Ambitious Internationally Trained, Domestically Focused Designers Look To Fill Gap In Home Decoration Market
An interesting development that we’ve seen taking shape over the last few years is that of young Chinese designers, many of them trained in Europe or North America, returning home to create new furniture or home decoration companies specializing in designs that meld ancient Chinese traditional design with a more modern, “globalized” style.
Recently, we’ve noticed something of a boom in the number of Chinese-language stories about upstart designers or new home furnishing stores that combine old and new, East and West, to break away from a generic reproduction of Western styles or a slavish dedication to preserving traditional Chinese design. While the reality remains that the majority of wealthy urban Chinese will continue to outfit their apartments or villas with foreign brands like Armani Casa, China’s younger middle class — who likely can’t afford expensive imported home furnishings anyway — could be a huge potential market.
This week, Xinhua visits O Gallery, a furniture store in Beijing that caters to the country’s more adventurous decorators:
Nestled in the trendy, yet serene 751 D-Park just an arm’s length from the bustling 798 art zone is O Gallery – a young business that does precisely that. Despite its short name, the essence of O Gallery is difficult to define in just a few words. It’s not just a gallery, nor is it simply a furniture shop. If anything, O Gallery is the physical incarceration of a specific concept and movement in Chinese society, as Tang Meng, one of the gallery’s founders, explained.
Before 1995, the concept of having a trendy home was still largely undeveloped in China. Most people could either only afford the most basic items of functional furniture, or simply lacked the awareness of investing in an aesthetically pleasing interior.
This void didn’t go unnoticed by the then young Chinese art graduate Song Tao. Having freshly graduated with a master’s degree from 1 Pantheon Sorbonne in Paris in 1993, Song returned to China and began heavily engaging himself in the promotion of Chinese contemporary art and design, especially interior and product design.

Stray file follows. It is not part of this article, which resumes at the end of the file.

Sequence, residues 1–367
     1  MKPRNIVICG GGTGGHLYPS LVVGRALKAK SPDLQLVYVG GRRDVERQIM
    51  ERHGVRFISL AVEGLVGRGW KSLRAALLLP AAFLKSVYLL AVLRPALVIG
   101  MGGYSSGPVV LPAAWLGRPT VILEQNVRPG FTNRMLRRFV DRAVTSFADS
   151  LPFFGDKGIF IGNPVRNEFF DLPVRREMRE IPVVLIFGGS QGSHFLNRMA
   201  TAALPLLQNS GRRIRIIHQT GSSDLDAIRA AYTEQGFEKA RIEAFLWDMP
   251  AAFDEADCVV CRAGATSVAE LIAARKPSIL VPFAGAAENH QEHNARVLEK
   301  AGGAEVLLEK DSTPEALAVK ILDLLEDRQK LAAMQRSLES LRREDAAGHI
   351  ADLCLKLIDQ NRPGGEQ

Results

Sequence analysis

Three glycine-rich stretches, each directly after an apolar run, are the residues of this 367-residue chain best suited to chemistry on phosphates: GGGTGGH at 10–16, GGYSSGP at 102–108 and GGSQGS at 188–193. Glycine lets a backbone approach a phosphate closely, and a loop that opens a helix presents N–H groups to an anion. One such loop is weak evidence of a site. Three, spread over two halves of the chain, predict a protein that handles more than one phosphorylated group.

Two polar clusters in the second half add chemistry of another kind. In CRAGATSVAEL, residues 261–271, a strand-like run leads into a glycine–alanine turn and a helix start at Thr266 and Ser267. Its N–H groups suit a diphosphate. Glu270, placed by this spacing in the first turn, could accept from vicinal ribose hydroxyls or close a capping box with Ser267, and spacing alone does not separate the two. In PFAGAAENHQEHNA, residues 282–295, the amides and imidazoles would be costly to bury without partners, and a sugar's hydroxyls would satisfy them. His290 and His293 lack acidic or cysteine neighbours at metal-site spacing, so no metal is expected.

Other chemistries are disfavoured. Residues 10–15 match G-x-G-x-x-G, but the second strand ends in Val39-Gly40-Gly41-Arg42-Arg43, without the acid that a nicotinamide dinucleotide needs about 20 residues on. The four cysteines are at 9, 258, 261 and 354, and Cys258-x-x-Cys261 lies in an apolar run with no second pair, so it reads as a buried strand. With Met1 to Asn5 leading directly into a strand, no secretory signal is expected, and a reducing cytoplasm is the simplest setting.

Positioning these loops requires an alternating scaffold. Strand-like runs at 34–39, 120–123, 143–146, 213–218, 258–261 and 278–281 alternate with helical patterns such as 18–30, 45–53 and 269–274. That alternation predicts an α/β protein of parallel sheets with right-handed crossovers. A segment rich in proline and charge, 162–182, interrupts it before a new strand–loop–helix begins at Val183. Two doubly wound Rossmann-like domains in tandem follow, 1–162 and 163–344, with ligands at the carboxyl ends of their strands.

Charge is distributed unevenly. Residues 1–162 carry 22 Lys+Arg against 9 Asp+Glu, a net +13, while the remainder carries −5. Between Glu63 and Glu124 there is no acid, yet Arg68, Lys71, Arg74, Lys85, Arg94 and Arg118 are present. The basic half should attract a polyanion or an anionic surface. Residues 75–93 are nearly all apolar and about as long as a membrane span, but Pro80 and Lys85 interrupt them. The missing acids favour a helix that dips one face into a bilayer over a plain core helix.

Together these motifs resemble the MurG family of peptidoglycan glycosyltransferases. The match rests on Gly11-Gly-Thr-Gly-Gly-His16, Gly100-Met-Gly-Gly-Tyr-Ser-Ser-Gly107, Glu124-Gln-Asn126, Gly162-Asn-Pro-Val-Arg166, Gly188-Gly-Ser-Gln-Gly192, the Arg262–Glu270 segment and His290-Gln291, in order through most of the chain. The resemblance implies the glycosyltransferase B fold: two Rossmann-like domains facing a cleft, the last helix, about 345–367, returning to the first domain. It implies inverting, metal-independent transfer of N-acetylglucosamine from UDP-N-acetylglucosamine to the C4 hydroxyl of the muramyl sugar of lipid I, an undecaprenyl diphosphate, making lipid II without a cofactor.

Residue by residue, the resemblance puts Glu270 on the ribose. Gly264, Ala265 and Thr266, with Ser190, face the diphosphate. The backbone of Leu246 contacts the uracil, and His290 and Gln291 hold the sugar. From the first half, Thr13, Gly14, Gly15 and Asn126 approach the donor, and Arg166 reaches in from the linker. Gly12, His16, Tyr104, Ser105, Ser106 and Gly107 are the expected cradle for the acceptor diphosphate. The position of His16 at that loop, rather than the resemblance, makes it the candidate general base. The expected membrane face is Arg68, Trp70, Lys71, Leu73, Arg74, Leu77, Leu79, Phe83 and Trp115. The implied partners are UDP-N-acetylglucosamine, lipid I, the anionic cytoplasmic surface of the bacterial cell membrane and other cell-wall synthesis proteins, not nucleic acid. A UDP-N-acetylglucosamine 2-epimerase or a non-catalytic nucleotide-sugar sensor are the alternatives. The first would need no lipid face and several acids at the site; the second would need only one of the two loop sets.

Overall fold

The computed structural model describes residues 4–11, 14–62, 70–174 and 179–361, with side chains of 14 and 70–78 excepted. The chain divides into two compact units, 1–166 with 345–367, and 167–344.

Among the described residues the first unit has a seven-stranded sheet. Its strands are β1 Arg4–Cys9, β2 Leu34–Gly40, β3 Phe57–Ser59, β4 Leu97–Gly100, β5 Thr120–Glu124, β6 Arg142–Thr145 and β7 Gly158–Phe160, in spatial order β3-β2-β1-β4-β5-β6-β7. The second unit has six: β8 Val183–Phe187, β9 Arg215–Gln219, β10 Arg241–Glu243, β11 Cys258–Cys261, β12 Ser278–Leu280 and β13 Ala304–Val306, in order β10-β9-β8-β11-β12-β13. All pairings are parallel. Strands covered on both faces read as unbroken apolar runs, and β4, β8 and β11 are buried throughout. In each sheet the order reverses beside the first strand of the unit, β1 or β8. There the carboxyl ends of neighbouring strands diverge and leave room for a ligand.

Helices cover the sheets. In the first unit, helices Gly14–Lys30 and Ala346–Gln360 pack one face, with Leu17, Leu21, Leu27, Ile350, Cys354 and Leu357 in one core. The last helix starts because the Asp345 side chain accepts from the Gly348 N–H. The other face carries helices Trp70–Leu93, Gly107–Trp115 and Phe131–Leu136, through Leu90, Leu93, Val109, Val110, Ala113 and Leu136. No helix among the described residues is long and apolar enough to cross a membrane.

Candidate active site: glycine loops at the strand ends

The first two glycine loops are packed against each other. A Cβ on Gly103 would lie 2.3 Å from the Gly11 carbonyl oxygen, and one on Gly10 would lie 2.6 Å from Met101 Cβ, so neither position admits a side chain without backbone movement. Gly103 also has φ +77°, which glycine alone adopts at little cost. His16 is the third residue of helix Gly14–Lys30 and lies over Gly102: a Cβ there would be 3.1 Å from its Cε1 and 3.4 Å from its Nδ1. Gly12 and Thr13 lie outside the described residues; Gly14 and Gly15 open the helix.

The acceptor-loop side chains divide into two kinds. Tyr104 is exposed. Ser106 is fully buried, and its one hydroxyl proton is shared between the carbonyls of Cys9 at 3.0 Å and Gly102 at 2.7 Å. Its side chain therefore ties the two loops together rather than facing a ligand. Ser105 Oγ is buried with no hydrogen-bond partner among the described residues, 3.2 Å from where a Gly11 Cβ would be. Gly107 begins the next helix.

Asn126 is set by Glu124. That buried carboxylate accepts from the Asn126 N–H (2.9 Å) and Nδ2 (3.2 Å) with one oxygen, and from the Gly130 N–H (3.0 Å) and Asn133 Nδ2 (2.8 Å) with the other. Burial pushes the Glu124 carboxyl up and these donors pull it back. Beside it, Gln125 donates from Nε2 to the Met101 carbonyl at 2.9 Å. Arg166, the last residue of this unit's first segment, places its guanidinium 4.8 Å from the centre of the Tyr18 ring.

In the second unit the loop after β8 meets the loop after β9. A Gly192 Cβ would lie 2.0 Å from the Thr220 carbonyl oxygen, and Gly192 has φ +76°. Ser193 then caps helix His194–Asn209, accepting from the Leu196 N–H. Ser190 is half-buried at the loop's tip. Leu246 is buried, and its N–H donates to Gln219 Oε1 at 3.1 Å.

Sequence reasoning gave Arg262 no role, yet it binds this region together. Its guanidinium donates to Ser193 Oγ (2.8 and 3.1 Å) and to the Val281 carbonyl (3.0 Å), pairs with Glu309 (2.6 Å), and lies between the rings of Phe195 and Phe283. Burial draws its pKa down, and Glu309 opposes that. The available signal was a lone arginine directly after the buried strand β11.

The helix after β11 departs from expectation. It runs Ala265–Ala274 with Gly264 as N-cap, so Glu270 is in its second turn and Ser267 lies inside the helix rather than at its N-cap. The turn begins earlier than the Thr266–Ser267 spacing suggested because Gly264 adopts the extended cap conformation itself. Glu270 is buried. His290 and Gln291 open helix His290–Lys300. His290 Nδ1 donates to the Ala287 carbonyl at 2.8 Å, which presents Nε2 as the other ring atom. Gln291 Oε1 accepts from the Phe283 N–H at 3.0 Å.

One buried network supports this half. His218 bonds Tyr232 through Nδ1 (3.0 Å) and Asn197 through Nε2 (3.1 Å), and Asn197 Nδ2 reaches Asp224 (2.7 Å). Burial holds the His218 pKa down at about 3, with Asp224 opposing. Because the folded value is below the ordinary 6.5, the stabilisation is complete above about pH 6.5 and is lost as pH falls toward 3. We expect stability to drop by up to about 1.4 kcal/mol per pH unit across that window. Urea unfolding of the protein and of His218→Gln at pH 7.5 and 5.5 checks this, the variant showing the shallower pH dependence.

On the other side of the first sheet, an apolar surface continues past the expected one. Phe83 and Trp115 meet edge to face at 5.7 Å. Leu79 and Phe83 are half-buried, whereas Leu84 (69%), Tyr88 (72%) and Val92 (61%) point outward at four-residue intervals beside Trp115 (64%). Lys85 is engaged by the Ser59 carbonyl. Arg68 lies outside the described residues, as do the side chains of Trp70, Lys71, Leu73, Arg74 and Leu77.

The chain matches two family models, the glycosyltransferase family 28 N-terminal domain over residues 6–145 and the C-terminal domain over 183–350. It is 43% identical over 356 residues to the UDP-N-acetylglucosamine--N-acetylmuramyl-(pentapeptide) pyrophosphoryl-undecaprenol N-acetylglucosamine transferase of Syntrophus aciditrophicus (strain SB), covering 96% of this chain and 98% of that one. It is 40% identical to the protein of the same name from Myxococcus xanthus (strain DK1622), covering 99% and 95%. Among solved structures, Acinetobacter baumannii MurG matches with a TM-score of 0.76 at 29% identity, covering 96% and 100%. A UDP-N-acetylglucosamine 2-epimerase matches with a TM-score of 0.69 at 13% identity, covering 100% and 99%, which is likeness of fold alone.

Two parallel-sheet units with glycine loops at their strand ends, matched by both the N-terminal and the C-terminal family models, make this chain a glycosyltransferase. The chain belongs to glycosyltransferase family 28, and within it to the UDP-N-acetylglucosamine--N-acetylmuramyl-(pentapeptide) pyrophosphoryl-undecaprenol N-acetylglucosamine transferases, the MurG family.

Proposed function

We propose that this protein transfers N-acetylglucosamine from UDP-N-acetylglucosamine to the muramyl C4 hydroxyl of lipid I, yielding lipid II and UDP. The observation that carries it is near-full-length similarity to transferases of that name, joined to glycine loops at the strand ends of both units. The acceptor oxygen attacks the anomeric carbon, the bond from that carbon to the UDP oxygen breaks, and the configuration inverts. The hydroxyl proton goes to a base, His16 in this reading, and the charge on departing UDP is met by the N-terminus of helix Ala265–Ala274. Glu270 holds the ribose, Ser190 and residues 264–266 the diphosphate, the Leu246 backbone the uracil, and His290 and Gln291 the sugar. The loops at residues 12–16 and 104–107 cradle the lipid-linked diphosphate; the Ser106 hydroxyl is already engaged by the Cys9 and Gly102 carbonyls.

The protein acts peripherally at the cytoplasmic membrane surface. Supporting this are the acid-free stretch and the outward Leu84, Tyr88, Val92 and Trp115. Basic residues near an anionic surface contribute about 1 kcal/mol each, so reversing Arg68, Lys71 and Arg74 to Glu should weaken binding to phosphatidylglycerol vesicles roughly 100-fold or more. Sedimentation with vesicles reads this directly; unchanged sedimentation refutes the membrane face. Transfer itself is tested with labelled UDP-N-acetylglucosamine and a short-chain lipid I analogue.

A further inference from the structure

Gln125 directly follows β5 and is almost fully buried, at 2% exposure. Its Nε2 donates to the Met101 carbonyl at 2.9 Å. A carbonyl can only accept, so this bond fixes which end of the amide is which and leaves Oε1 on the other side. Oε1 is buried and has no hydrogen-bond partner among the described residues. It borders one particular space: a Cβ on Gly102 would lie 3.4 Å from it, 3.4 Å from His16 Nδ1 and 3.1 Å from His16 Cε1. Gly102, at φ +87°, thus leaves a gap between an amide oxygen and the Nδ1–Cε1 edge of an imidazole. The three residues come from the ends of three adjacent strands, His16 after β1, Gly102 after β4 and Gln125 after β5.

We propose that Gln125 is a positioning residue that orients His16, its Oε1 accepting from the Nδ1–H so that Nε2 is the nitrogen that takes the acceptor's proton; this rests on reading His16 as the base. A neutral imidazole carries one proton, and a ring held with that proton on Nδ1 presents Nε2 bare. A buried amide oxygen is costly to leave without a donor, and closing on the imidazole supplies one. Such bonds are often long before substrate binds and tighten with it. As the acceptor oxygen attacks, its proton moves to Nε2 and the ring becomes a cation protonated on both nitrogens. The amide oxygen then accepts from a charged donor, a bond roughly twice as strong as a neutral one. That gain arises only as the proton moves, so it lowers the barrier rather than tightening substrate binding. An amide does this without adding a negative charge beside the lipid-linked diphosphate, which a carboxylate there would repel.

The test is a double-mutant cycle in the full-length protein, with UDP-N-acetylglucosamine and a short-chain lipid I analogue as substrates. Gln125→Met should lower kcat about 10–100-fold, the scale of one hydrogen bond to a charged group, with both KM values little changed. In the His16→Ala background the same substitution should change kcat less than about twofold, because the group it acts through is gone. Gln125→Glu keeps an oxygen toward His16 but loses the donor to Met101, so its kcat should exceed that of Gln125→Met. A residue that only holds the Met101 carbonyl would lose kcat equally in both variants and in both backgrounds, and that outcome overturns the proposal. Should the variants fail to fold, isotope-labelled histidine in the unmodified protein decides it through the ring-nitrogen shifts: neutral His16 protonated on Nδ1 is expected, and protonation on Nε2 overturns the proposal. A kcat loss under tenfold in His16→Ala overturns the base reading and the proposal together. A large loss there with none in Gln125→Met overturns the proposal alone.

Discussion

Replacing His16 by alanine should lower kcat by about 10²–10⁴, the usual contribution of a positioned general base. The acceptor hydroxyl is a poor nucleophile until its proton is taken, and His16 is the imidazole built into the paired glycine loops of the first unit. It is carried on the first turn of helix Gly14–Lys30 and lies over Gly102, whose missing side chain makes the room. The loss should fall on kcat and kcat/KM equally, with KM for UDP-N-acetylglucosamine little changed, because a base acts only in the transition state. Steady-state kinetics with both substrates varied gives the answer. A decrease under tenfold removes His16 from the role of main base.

After founding Tao Gallery and later Tao Studio, Tang founded his own furnishing brand called Zi Zao She in 2002. Unlike most Chinese furniture brands that merely wanted to imitate Western trends, Tao carved a niche for himself by reviving traditional Chinese culture in modern furniture design. Several high-profile exhibitions and the establishment of the China Furniture Design Brand Alliance (CFDBA) later, O Gallery was born.
Overlooking a giant mound of coal on one side and the eye-catching rusty tanks and industrial structures left behind from the 751 power factory on the other, O Gallery consists of three floors: the first floor is home to smaller unique accessories like glasses, clocks, shelves, mirrors, chairs, coffee tables and lighting by an international and domestic team of top designer brands including Moooi, Neru & Hu, Alessi and Kartell.
While not everyone is convinced that Chinese luxury consumers want to buy anything that says “China”, there are clearly opportunities in this space, particularly for brands that know who they’re trying to target. Obviously, spending the money to market heavily to middle-aged HNWIs is going to have less return on investment than that spent on digital campaigns aimed at younger white-collar professionals, since the highest of China’s high-end consumers tends to stick stubbornly to Western brands and little else.
Particularly as more middle- to upper-middle class “post-80s” Chinese professionals become more interested in the arts and decide to outfit their apartments in unique, artsy designs that have a traditional cultural resonance but the comfort of modern pieces, stores like O Gallery should stay busy in coming years.